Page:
Lemon Risotto with Butter Poached Lobster


On those days where I have to get up earlier than I wanted to, avoid puddles during my morning run,  sit through back to back meetings, notice there is a run in my stocking, AND have my train delayed between stations, I can’t wait to get home and make myself something decadent for dinner and enjoy it with a big mug of wine.

I don’t cook full meals for just myself that often, but when I do,  this is by far my favorite.

After a hectic day I definitely don’t have the time or inclination to make a whole lobster. Honestly, even after a relaxing day, I prefer to just cook lobster tails. I tend to wait until Whole Foods is having a crazy sale and then stock up on lobster tails since you can defrost and cook them quickly…  If you wait until a good sale you can get these for about $6 a tail —practically a steal.

cutting lobsterWhen you’re ready to cook your lobster tails just use scissors or kitchen sheers to cut through the underside of the shell and then peel shell off. If you save the shells in a plastic bag in your freezer, when you get enough, you can make a lobster bisque (I’ll be posting a recipe for that next week).  I know this recipe calls for a lot of butter but honestly you’ll only be eating a tiny bit of it. The butter is for the poaching liquid, which will give you the most tender lobster you can imagine. One day I’ll do a post on proper butter poaching, which involves a longer process called a buerre mont, but for now, I think just melting the butter is just fine.

risottotopfinalAs for the risotto part… I won’t lie to you guys… this isn’t a no-fail,  ‘throw it in the oven and come back after 20 minutes’ dish. Risotto takes a bit of time and a lot of patience, but, if you love it, learning to make it at home will make you very, very happy. Some tips:

1) Use the right rice! The creaminess of risotto comes almost entirely from the release of starch from the rice— so you want to get a high starch, short-grain, round rice. Carnaroli, Vialone Nano and Baldo are varieties that make a fabulous risotto and are available in specialty shops, but the most common and most accessible risotto rice for most people is Arborio.

2) Use warm stock. You should have a pot of stock simmering on very low heat waiting to be used for the risotto.

3)Resist the temptation to speed up the cooking process by adding too much stock at once. In order to get that creamy consistency you want the rice to release as much starch as possible and in order to do that the grains of rice have to rub up against each other. They can’t do that if there’s to much liquid in the pot.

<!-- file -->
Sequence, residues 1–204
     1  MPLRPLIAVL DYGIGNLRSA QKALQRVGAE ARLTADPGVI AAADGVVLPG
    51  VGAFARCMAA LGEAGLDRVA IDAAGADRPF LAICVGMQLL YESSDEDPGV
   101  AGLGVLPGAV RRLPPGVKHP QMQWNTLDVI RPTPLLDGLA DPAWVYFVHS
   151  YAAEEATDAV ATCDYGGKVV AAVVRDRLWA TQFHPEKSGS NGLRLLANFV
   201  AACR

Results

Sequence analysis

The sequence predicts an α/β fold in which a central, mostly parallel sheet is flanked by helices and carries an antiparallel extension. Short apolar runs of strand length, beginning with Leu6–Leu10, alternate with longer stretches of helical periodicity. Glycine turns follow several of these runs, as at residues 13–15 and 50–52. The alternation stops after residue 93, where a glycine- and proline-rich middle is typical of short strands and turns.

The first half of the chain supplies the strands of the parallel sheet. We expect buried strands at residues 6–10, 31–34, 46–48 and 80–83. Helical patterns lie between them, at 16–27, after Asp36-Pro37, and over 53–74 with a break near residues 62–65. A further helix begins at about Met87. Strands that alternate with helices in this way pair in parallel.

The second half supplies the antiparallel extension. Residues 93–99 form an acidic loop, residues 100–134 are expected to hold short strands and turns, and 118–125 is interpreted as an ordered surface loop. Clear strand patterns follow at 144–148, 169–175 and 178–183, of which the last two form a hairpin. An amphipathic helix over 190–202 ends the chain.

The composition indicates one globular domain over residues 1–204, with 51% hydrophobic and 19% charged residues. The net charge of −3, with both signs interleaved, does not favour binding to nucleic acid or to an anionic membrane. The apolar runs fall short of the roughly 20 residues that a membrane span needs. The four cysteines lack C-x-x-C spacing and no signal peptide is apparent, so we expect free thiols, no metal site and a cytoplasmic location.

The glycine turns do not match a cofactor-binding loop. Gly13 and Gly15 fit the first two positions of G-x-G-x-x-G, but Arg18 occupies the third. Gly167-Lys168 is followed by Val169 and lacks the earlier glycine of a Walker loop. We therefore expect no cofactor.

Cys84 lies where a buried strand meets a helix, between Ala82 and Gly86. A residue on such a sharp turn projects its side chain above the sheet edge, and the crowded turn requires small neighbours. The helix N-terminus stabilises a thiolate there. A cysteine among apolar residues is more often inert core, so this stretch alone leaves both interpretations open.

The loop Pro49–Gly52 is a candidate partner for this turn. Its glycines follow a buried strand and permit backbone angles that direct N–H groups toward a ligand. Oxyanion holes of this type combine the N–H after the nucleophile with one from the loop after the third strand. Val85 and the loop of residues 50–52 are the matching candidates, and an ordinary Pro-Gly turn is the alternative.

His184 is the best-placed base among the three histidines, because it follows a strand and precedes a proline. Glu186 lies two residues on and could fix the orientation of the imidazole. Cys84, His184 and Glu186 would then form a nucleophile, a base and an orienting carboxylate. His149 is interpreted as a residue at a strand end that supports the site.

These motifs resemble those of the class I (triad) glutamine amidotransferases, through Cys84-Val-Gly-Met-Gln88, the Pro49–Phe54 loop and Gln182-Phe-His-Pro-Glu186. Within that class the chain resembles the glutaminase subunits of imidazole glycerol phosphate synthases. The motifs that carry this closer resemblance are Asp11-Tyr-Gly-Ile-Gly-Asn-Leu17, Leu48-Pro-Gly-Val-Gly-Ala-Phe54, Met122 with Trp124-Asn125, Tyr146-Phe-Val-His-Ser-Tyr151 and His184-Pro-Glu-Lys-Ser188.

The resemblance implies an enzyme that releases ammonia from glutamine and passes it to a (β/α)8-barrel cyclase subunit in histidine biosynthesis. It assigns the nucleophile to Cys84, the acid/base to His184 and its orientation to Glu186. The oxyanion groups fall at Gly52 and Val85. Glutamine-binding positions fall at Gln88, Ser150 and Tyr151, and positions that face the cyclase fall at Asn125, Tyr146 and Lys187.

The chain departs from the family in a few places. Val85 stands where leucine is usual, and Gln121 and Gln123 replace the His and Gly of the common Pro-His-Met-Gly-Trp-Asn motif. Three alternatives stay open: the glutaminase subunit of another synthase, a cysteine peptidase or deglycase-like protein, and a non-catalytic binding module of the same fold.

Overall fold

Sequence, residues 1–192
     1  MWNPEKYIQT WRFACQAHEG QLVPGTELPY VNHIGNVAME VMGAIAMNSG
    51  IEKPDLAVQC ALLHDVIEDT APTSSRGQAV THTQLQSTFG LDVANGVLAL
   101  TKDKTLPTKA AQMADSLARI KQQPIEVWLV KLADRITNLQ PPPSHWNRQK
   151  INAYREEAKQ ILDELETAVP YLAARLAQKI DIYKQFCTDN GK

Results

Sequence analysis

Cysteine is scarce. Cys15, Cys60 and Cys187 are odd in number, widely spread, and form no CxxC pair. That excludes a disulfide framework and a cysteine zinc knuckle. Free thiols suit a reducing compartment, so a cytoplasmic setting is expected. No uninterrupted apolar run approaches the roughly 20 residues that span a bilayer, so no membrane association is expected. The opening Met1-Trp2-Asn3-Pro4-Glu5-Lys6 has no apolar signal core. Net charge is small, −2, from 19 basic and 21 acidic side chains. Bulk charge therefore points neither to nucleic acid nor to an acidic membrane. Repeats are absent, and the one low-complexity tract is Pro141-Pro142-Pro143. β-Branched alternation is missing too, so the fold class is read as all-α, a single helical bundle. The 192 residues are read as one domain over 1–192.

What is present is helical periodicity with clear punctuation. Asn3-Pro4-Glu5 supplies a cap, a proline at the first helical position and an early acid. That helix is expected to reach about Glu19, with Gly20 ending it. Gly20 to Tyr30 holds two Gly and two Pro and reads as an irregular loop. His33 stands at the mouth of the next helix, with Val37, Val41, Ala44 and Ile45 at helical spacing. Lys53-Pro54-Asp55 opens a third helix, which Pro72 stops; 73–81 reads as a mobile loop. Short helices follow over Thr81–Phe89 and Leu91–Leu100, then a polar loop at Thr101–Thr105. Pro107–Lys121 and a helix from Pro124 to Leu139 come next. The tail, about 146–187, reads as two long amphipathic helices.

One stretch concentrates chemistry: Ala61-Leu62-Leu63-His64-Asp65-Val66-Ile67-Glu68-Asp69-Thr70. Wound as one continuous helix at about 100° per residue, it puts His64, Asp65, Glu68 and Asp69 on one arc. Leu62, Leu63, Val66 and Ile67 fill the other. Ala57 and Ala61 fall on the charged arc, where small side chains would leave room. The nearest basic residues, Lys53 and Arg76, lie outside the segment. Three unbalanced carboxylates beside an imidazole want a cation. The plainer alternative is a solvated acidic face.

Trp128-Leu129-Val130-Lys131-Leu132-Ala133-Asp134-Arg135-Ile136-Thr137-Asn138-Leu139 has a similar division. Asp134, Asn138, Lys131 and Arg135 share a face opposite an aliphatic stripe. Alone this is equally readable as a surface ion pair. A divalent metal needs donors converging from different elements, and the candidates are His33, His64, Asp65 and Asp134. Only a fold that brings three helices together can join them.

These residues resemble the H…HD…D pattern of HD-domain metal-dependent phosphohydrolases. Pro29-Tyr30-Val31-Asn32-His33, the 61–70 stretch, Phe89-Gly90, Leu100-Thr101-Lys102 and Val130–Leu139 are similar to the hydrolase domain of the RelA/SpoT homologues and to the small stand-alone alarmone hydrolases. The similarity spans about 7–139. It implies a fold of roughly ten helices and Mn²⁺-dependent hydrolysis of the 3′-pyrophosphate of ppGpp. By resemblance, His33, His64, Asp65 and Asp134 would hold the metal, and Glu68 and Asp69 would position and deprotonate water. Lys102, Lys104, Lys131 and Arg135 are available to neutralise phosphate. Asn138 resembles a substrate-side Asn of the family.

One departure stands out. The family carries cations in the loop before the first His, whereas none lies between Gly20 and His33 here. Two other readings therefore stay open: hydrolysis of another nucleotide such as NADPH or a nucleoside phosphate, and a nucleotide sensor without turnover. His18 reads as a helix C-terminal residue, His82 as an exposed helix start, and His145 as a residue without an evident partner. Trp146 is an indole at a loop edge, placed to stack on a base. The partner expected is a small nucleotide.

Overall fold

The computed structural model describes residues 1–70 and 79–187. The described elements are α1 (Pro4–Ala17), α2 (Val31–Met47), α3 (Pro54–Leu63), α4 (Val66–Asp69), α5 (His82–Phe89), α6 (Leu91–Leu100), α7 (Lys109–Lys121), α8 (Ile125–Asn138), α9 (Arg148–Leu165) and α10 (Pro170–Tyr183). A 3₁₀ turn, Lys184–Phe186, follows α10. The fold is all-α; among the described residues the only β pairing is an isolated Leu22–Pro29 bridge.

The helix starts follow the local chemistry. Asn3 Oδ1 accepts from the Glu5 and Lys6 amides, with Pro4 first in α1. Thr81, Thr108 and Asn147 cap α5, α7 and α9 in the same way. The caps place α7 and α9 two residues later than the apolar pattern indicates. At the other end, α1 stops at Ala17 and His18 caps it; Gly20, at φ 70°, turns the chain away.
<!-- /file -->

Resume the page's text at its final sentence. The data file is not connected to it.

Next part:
4) Stir you risotto. As I mentioned above, you want your rice grains to rub up against each other so you need to stir them. At the same time, over-stiring it can make it come out a bit gummy. You basically want to stir about every 30-45 seconds.

5) Finally, use an appropriately sized pot. I hate to stress it again… but this is all about the rice grains getting to rub up on each other. If your pot is too big they’ll be too far apart to do that. For this recipe, which serves two, I use a large sauce pan or medium sized pot.

Lemon Risotto with Butter Poached Lobster
Prep time
Cook time
Total time
Serves: 2
  • 1 shallot finely chopped
  • 1 cup of Arborio or other risotto rice
  • 4 cups of chicken or vegetable stock
  • 2 lobster tails
  • 2 sticks of butter, plus two table spoons(optional)
  • 2 tablespoons of marscapone cheese (optional)
  • 2 lemons
  • salt and pepper to taste
  • olive oil
  1. In a large pot, heat the stock until it is warmed through. Keep it over very low heat as you cook the risotto.
  2. In a small or medium sized pot, sauté the shallots in about 2 tablespoons of olive oil. After 2 minutes add a sizable pinch of salt and the rice to the pot. Stir the rice so that each grain is coated in olive oil. Cook for 1 minute.
  3. Add about ½-1 cup of warm stock to the pot and stir the rice every 30-45 second until the liquid is mostly absorbed. Repeat this step until most of the liquid is used and the rice is cooked al dente.* This should take about 20-25 minutes. Make sure that before you add more stock the liquid in the pot is mostly absorbed.
  4. When the rice is al dente, add the zest of two lemons, two tablespoons of lemon juice, two tablespoons of butter and/or the marscapone cheese and stir. Salt and pepper to taste and remove from heat.
  5. For the lobster: In a small saucepan, melt 2 sticks of butter over medium heat. Reduce the heat to medium low and add the lobster tails to the pot. Cook for 5 minutes. If the lobster tails are not fully submerged in the butter, spoon butter over the top continuously while you cook them.
Risotto should be creamy but each grain of rice should still have a bit of a bite to it.



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